The BBC show took samples of ice and water from 10 branches each of the five chains, with tests revealing faecal bacteria at levels “too high to count” in all of them.
“Stories like this happen far too often,” explains Mr Rees. “Despite dangerous bacteria being regularly discovered in ice, operators seem to be continuing to let cleaning schedules slide. But ice is a foodstuff, and should be treated as such.”
There are numerous factors that could result in ice being contaminated. One of the easier things to overlook is mishandling by front of house staff. While chefs and food handlers are usually aware of the importance of cleaning their hands before touching food, basic hygiene training is sometimes overlooked for front of house staff, or forgotten about in the daily bustle of work.
Ice should never be handled with bare hands; only tools like tongs or scoops should be used, and those tools should be cleaned and sanitised at least once a day to prevent a build up of contamination. While human contact is the largest vector for bacterial transmission, it can also come directly from the air. Ice containers should have lids in order to minimise those risks.
The importance of keeping your ice machine clean cannot be overestimated. Establishing a regular cleaning and maintenance schedule should protect against contamination and, when done correctly, will not add much to your staff’s existing workload.
The schedule needs to be broken down into three different stages: daily tasks, monthly tasks and those that need doing every six months.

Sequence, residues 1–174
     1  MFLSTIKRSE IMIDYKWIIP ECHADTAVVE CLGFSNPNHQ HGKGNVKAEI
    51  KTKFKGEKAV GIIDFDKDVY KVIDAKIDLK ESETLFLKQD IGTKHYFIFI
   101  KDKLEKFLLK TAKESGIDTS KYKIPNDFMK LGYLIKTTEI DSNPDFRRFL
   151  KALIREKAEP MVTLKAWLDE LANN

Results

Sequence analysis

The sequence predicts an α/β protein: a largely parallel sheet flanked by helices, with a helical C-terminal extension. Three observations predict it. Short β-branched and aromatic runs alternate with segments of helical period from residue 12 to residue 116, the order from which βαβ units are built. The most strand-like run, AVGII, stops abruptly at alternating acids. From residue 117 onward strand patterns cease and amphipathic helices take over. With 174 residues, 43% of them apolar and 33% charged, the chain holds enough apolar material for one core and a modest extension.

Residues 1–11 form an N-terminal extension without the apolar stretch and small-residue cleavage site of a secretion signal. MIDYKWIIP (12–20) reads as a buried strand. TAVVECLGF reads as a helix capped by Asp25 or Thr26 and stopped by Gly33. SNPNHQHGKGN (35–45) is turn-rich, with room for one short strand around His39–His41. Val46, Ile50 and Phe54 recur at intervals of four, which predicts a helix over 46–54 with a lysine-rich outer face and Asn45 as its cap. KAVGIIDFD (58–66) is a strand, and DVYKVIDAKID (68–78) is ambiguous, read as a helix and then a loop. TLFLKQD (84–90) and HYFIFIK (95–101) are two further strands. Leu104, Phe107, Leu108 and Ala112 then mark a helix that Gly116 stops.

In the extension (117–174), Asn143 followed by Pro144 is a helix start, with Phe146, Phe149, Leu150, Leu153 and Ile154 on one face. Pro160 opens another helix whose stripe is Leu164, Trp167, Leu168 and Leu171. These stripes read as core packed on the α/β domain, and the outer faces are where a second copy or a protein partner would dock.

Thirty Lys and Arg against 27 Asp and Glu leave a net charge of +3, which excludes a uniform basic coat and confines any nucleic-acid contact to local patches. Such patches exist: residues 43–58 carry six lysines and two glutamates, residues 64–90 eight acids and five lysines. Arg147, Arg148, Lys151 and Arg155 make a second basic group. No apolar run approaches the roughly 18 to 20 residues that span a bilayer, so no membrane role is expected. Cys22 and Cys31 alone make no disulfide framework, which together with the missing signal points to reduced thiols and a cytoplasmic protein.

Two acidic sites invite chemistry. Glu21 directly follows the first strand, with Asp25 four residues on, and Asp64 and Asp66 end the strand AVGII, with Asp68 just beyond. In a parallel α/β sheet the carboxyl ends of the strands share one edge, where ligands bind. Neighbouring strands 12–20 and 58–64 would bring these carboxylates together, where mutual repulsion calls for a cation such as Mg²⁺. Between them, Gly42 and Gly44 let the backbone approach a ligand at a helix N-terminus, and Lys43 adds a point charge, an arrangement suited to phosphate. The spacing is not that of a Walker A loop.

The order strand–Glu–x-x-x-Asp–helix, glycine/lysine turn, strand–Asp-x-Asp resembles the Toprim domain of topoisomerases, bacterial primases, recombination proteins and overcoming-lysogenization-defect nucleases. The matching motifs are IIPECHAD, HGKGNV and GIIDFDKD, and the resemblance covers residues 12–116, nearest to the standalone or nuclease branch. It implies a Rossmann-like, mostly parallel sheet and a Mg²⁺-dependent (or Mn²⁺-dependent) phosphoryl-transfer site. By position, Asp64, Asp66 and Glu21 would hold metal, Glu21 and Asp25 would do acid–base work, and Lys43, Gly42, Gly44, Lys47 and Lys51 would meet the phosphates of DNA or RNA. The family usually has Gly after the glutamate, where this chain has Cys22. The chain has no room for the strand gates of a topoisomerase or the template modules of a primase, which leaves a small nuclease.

The daily cleaning tasks include sanitising any scoops or tools used for removing ice from the bin. These tools should not be stored in the bin. Next, wiping the external surfaces of the ice bin with food-safe sanitiser, with particular attention paid to the areas touched in the process of opening the bin. Finally, a visual inspection to ensure no contaminants have entered the storage bin. If there is anything present, the ice needs to be discarded and the bin fully cleaned.
The monthly tasks include a full and deep clean of the machine according to manufacturer’s instructions. This involves switching it off and emptying it completely first. Air filters should also be removed and cleaned at this time.
Every six months, replace the water filter cartridges. This will help prevent limescale from building up, guaranteeing crystal clear cubes as well as preventing bacteria from the incoming water supply.
Of course, your cleaning procedures can be comprehensive on paper, but if your staff are not trained properly and made fully aware of the risks of serving contaminated ice to customers, it is totally irrelevant. Making sure they understand the importance of keeping your ice machine clean is an important step in the process of ensuring that these kind of stories stop occurring.
Full cleaning guides can be downloaded from the Scotsman Ice website here: https://www.scotsman-ice.co.uk/downloads/
The site also features a series of videos which demonstrate exactly how to clean various ice machines.